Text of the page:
Boston Common

34 oz Rye, Rittenhouse 100 (or other high proof)
34 oz Cognac
34 oz Amaro Nardini
34 oz Sweet vermouth, Carpano Punt e Mes
38 oz Lemon juice
1 twst Lemon peel (as garnish)
Instructions
Shake, strain, lowball, rocks, garnish
History
A variation of sorts on the New Orleans Vieux Carré (Old Square, or French Quarter)
From other users
  • Delicious. Not as sweet as the inspiration due to lemon. A more mild rye will let the cognac through. — ☆☆☆☆☆
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4 Comments

christina in tacoma's picture

This looks amazing. I have

This looks amazing. I have too many bottles of vermouth open right now, but this is first on my list of things to make when I open a bottle of Punt e Mes (unless you think Cocchi or Bonal could work with modification)

Cocchi would be pretty

Cocchi would be pretty different (but possibly also good). It might get lost with the Nardini. I think Bonal would work, although it would not be as bitter. Hey, it's just a recipe; experiment!

Given all the ingredients

Given all the ingredients that make up "Boston Common," it ought to be called Mulligan's Stew. On a more serious note, the Boston Common is a complex drink--the Amaro Nardini is there, so is the lemon (even though I put in less than 3/8 oz), the Cognac, and to a lesser degree, the rye is able to poke its head above water (figuratively speaking). One person suggested using a rye less pronounced in taste than Rittenhouse. That suggestion was made approximately four years ago, with no response. It's worth exploring, but I suspect that the lemon more than Cognac will get through. I'm willing to try a less pronounced rye than Rittenhouse and let others know what the outcome was. I will choose between WhistlePig (10 yrs), Templeton (6 yrs) and Wild Turkey (a blend of 4 & 5 year old whiskies). Suggestions from others will be considered, so long as I don't go broke in the process. The three ryes I mentioned, I currently have. Given the experience I've had with these three, I'm inclined to try WhistlePig 10 yrs. I report the outcome no later than mid-December. As is, I rated the Boston Common at 4.0. The drink's sourness kept me from rating the Boson Common any higher.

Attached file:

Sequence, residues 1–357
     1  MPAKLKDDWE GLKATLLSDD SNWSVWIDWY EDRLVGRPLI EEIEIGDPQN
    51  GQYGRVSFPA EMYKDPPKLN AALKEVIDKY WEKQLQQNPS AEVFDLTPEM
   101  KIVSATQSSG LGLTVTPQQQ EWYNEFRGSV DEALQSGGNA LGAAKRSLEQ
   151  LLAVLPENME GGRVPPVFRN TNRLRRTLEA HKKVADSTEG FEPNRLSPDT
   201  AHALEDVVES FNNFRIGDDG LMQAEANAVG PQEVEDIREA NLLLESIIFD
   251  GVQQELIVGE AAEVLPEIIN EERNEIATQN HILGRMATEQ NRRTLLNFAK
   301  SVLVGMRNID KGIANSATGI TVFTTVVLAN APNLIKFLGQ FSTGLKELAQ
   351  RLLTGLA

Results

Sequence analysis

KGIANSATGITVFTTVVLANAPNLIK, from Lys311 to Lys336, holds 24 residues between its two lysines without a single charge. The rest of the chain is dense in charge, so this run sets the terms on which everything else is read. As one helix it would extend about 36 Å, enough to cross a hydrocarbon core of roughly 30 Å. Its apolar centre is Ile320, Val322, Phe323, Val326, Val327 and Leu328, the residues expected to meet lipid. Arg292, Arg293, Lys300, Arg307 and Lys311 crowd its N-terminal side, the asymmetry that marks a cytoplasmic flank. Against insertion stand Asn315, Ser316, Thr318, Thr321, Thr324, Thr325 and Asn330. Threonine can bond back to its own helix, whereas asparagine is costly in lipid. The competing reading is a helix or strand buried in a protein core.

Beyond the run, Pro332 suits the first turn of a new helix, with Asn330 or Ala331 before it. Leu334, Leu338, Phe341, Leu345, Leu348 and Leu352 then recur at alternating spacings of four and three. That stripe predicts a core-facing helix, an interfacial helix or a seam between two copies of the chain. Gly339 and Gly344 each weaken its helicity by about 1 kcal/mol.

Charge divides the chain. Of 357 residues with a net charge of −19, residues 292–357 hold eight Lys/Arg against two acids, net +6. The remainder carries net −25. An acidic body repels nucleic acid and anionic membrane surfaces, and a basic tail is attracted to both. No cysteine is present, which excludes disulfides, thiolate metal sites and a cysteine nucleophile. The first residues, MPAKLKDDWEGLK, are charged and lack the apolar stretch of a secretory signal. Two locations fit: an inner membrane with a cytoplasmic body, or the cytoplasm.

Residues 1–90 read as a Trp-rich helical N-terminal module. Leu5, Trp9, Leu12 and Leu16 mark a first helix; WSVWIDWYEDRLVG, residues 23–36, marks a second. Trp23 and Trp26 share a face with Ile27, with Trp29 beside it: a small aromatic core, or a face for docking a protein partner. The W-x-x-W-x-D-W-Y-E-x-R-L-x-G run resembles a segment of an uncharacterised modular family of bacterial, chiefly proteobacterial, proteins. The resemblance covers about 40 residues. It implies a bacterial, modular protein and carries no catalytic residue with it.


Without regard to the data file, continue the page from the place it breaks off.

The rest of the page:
Given all the ingredients

Given all the ingredients that make up "Boston Common," it ought to be called Mulligan's Stew. On a more serious note, the Boston Common is a complex drink--the Amaro Nardini is there, so is the lemon (even though I put in less than 3/8 oz), the Cognac, and to a lesser degree, the rye is able to poke its head above water (figuratively speaking). One person suggested using a rye less pronounced in taste than Rittenhouse. That suggestion was made approximately four years ago, with no response. It's worth exploring, but I suspect that the lemon more than Cognac will get through. I'm willing to try a less pronounced rye than Rittenhouse and let others know what the outcome was. I will choose between WhistlePig (10 yrs), Templeton (6 yrs) and Wild Turkey (a blend of 4 & 5 year old whiskies). Suggestions from others of ryes to try will be considered, so long as I don't go broke in the process of buying them.

The three ryes I mentioned, I currently have. Given the experience I've had with them, I'm inclined to try WhistlePig 10 yrs. I will report the outcome no later than mid-December, whether the Cognac will be more easily tasted if a rye other than Rittenhouse is used . As is, I rated the Boston Common at 4.0. The drink's sourness kept me from rating the Boson Common any higher.